UPDATE: April 27, 2020: President Donald Trump signed a $484 billion coronavirus relief bill into law on Friday, which will add $310 billion in federal aid to the Paycheck Protection Program funding. The Small Business Association on Monday resumed accepting applications for PPP loans, and restaurants that already applied can also be considered by qualified lenders.
UPDATE: April 24, 2020: The House passed a $484 billion bill Thursday, which the Senate approved Tuesday, that will add $310 billion in federal aid for the next round of Payment Protection Program funding.
It’s been almost a week since the Paycheck Protection Program funding, a $350 billion federal loan program designed for small businesses, ran dry.
Now, Congress is close to approving PPP’s next round of aid. The Senate passed a $484 billion deal on Tuesday that would boost PPP funding by $310 billion, and the House is expected to pass the package on Thursday. The promise of more government cash is a glimmer of hope for many industries, but restaurant experts worry these loans will hurt — not help — restaurants if serious revisions aren’t made.
In an April survey conducted after PPP became accessible, 28% of restaurants in cities with mandated dining room closures said they don’t expect to survive more than a month, Independent Restaurant Coalition co-founder Tom Colicchio said during a media call with the James Beard Foundation last week. In a March survey before PPP launched, only 17% of restaurants feared they would go under if temporary closures lasted for 30 days.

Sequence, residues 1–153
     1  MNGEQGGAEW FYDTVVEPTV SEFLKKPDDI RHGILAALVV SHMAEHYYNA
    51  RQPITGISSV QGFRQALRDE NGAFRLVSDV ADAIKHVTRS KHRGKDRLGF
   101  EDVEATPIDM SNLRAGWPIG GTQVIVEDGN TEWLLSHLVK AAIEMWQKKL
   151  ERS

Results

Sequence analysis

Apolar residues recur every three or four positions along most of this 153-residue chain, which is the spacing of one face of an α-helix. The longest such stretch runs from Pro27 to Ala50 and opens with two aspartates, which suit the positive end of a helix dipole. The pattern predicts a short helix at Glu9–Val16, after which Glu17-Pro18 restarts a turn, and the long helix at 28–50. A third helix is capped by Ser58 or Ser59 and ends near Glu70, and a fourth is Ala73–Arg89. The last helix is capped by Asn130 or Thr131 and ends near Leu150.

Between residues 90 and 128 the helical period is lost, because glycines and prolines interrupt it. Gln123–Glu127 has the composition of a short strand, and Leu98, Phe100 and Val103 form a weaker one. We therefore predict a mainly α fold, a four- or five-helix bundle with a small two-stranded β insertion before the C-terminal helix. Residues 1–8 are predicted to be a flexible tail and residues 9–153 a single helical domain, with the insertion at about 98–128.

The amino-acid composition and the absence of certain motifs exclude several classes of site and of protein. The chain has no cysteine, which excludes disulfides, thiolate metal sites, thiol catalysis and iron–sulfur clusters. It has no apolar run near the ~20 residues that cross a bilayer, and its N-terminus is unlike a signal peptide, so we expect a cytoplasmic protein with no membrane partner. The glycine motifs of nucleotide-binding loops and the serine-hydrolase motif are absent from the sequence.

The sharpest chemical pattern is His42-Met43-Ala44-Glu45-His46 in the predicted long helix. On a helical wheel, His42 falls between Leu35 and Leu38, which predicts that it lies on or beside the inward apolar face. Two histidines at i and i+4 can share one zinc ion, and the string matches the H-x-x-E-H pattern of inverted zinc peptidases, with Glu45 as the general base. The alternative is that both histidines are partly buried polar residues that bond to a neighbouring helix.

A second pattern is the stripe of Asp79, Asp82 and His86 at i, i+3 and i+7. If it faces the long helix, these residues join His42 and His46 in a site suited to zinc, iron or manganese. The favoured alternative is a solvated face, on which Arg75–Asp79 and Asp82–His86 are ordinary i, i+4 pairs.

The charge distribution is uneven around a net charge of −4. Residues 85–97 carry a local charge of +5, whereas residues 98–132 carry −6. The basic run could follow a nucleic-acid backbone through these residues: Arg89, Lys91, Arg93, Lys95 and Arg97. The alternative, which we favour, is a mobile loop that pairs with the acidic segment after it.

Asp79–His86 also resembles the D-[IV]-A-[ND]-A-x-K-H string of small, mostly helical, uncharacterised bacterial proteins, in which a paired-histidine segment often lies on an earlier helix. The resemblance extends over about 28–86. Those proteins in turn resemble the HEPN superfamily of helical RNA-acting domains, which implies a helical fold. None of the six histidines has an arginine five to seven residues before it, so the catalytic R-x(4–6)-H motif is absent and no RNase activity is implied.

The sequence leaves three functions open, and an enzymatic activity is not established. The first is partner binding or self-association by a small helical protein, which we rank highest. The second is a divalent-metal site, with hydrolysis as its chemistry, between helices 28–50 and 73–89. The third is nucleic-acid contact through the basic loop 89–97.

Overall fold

“The fact that restaurant owners are now more fearful of losing their likelihoods than before PPP opened shows just how futile the program has been in helping the industry,” Colicchio said. “The message right now is we need to save this industry and PPP is not going to do it.”
The problem is bigger than a lack of resources to go around, experts say, though there has been backlash over the fact that major chains like Potbelly, Ruth’s Chris Steakhouse and Shake Shack — which just pledged to return its $10 million in funding — scored multi-million dollar safety nets while thousands of independent restaurateurs are waiting to hear back.
"The fact that restaurant owners are now more fearful of losing their likelihoods than before PPP opened shows just how futile the program has been in helping the industry."
Co-founder, Independent Restaurant Coalition
“Most of these restaurants that our survey found need $50,000 or less to stay open, and they are competing and swimming upstream against an enormous, sophisticated lobby for all of small business,” Clare Reichenbach, CEO of the James Beard Foundation, said on the media call last week.
Treasury Secretary Steve Mnuchin said that larger companies would not be able to access new PPP funding on Tuesday, but did not provide details, reports The Washington Post. President Donald Trump also said Tuesday that he would ask large businesses to return the funds they received, and the Treasury Department will issue new guidance on which businesses can qualify for PPP loans.
“We have over a million companies that have received this with less than 10 workers. There is very broad participation in really small business. I will comment there have been some big businesses that have taken these loans. I was pleased to see that Shake Shack returned the money,” Mnuchin said during the Tuesday briefing. “The intent of this was not for big public companies that have access to capital.”